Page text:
Saudi Journalist Murdered in Turkey

Beverly Vaz - 2T Software Engineering
Posted on: October 31, 2018

Jamal Khashoggi – a journalist, author, and editor-in-chief of Saudi Arabia’s Al Arab News Channel – has been declared dead. His death has been ruled as premeditated murder.

What makes this instance of murder so interesting?

One, the lead suspects involve some of the top leaders of Saudi Arabia. Two, the murder took place at an embassy consulate in Turkey, bringing in the question: do the murderers have diplomatic immunity? Which country has legal jurisdiction over the scene of the crime, and, which country will oversee the investigation and trial?

For those of you who are lost about what’s happening, let me walk you through it. The entire story has had a lot of twists and turns. So, it’s important that we get all the facts we have as of now, straight.

On September 28, Jamal Khashoggi visited the Saudi consulate in Istanbul to obtain a document that would certify his divorce from his ex-wife. He was asked to return later, so he went back to the consulate on the October 2. As per an article by the BBC[1], he had no apprehensions going back to the consulate as he had been treated well on his first visit.

However, he did ask his fiancé, who was waiting for him outside the consulate, to call an adviser to the Turkish President if he did not come out. He headed in at 13:14 local time and was never seen coming out.

For a little over two weeks since the events took place, the Saudi government consistently denied knowledge of anything of this sort happening. However, on the October 20, their state television reported that the journalist had been murdered in a rogue operation and promised to punish those behind it.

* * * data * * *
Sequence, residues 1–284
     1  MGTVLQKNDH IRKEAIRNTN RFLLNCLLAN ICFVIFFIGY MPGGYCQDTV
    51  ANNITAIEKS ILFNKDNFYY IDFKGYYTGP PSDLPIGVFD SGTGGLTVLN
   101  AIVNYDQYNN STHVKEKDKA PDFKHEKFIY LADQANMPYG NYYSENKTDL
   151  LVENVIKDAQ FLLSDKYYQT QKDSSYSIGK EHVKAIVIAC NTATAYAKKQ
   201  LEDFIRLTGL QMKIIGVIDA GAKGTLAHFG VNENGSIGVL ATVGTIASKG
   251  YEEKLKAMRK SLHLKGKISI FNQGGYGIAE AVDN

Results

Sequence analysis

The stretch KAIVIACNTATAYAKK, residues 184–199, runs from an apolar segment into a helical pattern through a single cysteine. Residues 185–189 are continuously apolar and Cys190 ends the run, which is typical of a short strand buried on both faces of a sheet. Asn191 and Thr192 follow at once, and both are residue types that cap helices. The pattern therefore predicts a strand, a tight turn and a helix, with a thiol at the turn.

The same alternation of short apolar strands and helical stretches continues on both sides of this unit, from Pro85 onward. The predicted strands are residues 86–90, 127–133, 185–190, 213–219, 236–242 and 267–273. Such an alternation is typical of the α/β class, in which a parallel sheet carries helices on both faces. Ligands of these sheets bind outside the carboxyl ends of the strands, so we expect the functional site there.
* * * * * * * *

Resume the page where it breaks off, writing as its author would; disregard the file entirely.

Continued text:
Their version of the story is that Khashoggi was killed in a choke-hold when he resisted attempts to return to Saudi Arabia. His body was handed for disposal to a local aid. They also announced the arrest of eighteen Saudi nationals and the dismissal of two officials in connection with this.

A couple days later, the public prosecutor of Saudi Arabia was quoted saying that the murder was premeditated. This happened around the same time a joint Saudi-Turkish task force started investigating the matter.

Turkey, on the other hand, has a slightly different version; they say that a team of Saudi nationals had arrived in the country in the days preceding the murder and that care had been taken to remove security cameras and surveillance footage from the building prior to the journalist’s arrival. They claim to have audio and video evidence of what actually went down on October 2. Some other Turkish officials claim that he was killed within two hours of arriving at the consulate and that his body was later dismembered. They have video footage that shows some diplomatic vehicles entering the consulate at 12:13 on October 2. These same vehicles were seen leaving the consulate at 15:08 on the same day and entering the consul’s residence.

The Turkish police have seized samples from the consulate and the Saudi consul’s residence for DNA testing.

So far, there has been no sign of the body.

Canadian Prime Minister Justin Trudeau condemned this act and has decided to pressurize Riyadh by freezing a deal that would provide Saudi Arabia with armored vehicles. Germany too has decided to suspend the export of weaponry to Saudi Arabia. The UN special rapporteur on extrajudicial, summary or arbitrary executions said “[the] killing of Jamal Khashoggi bear[s] the hallmark of an extrajudicial execution”. She further said “[W]e have enough right now to determine that the government of Saudi Arabia is responsible and is implicated.”[2]

As far as the jurisdiction of this case is considered, it does fall under Turkish authority. To quote an answer on Stack Exchange “if Turkey were to obtain custody of people it accused of doing the killing, and if those people were not accredited diplomats, it could try them under Turkish law.”[3]

But as there is much doubt in who exactly called the operation and who murdered Khashoggi, the probability of this happening is questionable.






There are no comments yet, add one below.

Leave a Comment